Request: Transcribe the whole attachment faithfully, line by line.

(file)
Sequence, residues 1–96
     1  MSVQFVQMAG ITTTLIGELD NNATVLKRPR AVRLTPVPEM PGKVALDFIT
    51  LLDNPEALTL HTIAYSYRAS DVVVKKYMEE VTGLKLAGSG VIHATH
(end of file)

Sequence, residues 1–96
     1  MSVQFVQMAG ITTTLIGELD NNATVLKRPR AVRLTPVPEM PGKVALDFIT
    51  LLDNPEALTL HTIAYSYRAS DVVVKKYMEE VTGLKLAGSG VIHATH